if (!templateName && target.constructor.name.endsWith("Template"))
            {
                templateName = target.constructor.name.slice(0,-8);
                templateName = templateName.substr(0, 1).toLowerCase() + templateName.substr(1); 
            }
            if (!templateName)
                throw new Error("Please specify templateName for @eventHandler decorator of " + propertyKey + " method!");

            eventsObj[selector] = function(...args: any[]) {
                args.unshift(this);
                return descriptor.value.apply(target, args);
            };
            Template[templateName].events(eventsObj);
        }
        return descriptor;
    };
}

@eventHandler is again pretty much similar to the other decorators above. It can accept one or two arguments, first being always the selector, e.g. "submit form" or "click #button-ok", and the second parameter being template name. Similarly to @helper, it can deduce template name from the class name, if it ends with "Template".

The code

Please feel free to use and modify the code as you feel necessary!

Download decorators.zip

Also you can browse this file online using "Browse" button to the right.

Conclusion

The described above approach, at least for me, turns out to be a very convenient and flexible way to use TypeScript fully when doing MeteorJs. It returns the TypeScript benefits, enables full intellisense, but also preserves flexibility: you can have how many classes you want and group your helpers and methods according to your own preferences.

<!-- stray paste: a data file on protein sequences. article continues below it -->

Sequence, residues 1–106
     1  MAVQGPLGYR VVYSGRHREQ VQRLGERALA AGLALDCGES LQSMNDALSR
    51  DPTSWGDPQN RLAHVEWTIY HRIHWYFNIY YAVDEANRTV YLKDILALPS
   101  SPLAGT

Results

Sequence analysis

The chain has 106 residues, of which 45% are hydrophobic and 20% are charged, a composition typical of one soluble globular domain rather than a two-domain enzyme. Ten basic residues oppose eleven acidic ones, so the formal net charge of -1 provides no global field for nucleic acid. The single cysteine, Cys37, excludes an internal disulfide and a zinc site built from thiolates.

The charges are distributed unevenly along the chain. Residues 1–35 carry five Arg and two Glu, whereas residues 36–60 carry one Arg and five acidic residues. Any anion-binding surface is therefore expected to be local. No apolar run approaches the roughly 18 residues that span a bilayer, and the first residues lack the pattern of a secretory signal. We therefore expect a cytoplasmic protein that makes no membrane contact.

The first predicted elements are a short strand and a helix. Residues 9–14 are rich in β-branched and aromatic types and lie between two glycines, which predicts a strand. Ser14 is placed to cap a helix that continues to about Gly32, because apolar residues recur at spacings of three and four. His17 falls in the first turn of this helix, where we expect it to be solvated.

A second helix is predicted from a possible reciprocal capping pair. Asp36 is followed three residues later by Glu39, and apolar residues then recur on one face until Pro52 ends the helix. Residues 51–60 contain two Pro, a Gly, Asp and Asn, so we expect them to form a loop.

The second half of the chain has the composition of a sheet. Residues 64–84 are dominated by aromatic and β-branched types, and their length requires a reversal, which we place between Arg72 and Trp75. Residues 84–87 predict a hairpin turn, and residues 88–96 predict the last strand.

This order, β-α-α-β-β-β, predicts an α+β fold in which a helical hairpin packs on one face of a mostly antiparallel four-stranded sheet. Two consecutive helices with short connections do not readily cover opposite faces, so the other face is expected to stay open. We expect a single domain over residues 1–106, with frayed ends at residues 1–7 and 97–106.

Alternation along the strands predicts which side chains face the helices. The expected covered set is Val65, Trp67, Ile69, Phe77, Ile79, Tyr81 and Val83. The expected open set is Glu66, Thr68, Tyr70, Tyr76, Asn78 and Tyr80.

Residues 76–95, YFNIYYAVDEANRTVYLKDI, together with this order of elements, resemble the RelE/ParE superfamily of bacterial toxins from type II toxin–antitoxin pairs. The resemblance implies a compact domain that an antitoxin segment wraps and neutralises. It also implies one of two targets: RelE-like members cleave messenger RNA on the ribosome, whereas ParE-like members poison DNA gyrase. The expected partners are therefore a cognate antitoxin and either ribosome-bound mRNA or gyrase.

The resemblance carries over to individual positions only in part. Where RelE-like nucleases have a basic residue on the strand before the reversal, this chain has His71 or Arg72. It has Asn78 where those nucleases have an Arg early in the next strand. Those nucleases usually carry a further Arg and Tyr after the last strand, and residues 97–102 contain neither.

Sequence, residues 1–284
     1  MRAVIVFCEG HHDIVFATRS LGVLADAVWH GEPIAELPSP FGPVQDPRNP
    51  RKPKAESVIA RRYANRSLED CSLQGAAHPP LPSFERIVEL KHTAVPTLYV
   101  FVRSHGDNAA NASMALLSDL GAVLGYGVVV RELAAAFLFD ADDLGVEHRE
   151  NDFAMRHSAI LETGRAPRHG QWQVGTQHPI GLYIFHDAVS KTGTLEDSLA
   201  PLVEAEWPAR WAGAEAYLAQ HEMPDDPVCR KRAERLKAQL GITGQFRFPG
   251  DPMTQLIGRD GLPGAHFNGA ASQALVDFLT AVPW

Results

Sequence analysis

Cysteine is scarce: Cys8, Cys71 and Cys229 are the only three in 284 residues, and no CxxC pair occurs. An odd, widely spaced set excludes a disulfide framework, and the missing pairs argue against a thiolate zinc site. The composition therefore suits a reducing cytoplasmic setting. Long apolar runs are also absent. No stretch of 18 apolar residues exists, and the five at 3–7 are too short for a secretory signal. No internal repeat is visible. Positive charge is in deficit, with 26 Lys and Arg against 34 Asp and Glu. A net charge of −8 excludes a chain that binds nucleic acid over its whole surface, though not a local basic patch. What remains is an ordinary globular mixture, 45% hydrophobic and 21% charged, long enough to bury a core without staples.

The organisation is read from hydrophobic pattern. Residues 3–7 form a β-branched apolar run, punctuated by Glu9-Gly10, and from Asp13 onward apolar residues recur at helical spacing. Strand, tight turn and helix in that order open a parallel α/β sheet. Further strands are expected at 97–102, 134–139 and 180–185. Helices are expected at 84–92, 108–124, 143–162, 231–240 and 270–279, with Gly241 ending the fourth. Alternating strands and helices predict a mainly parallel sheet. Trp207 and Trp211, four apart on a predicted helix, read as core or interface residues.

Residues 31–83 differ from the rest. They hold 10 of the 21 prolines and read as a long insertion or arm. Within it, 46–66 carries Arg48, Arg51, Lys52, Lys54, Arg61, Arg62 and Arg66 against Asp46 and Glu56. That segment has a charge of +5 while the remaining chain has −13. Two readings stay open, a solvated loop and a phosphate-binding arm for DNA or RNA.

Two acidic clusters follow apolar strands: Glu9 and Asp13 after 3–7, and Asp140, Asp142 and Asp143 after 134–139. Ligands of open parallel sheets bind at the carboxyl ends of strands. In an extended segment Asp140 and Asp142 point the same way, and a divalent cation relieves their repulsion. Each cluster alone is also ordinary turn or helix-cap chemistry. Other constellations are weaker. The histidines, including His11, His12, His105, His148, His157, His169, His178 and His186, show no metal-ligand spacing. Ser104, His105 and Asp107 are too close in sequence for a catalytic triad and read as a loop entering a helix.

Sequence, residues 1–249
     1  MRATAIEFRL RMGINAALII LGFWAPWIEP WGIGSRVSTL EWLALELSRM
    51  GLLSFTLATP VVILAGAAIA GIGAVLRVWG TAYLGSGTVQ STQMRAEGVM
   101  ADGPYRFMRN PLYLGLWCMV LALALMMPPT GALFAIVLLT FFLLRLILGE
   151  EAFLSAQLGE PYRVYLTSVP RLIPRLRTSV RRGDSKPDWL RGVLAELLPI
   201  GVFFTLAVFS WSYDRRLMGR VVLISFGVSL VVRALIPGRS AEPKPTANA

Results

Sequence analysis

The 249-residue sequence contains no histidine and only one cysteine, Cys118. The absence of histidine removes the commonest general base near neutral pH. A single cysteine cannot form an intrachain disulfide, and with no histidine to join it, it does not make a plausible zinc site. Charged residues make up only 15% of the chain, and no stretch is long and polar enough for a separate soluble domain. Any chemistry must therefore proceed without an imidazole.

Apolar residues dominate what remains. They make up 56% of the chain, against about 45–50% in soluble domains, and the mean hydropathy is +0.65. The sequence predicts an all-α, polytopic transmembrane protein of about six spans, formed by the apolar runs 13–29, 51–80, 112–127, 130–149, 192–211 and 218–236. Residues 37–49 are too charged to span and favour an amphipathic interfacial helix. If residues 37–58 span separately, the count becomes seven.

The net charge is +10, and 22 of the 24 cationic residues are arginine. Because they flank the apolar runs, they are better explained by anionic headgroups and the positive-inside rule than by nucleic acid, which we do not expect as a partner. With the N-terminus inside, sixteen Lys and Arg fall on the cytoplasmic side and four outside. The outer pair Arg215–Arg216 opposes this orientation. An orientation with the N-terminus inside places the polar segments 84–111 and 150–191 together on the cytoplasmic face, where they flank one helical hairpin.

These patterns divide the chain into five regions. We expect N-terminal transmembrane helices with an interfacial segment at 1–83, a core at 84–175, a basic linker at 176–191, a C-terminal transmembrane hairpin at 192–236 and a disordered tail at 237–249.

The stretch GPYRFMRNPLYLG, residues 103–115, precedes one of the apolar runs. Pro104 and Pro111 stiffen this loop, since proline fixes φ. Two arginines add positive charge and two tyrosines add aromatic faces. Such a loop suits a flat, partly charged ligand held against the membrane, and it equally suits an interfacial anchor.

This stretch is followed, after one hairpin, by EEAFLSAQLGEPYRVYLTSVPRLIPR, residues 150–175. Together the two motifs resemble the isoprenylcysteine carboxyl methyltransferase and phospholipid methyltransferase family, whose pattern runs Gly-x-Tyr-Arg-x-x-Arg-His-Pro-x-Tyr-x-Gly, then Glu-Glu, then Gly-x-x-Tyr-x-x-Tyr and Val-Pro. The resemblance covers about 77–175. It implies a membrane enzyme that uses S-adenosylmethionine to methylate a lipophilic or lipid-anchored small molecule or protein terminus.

This approach obviously can also be applied to other Meteor and community features, in order to "TypeScriptise" them.

If you have more ideas or ideas how to make those decorators even better, please welcome to comments section! :)

License

This article, along with any associated source code and files, is licensed under The Code Project Open License (CPOL)

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About the Author

Andrei Markeev
Finland Finland
Full stack developer, enterprise web software. Microsoft MVP, open source person, speaker, online expert.

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Comments and Discussions

 
PraiseBrilliant idea! Pin
Dominik Schröter26-Jan-16 22:34
memberDominik Schröter26-Jan-16 22:34 
GeneralRe: Brilliant idea! Pin
Andrei Markeev12-Oct-16 6:17
memberAndrei Markeev12-Oct-16 6:17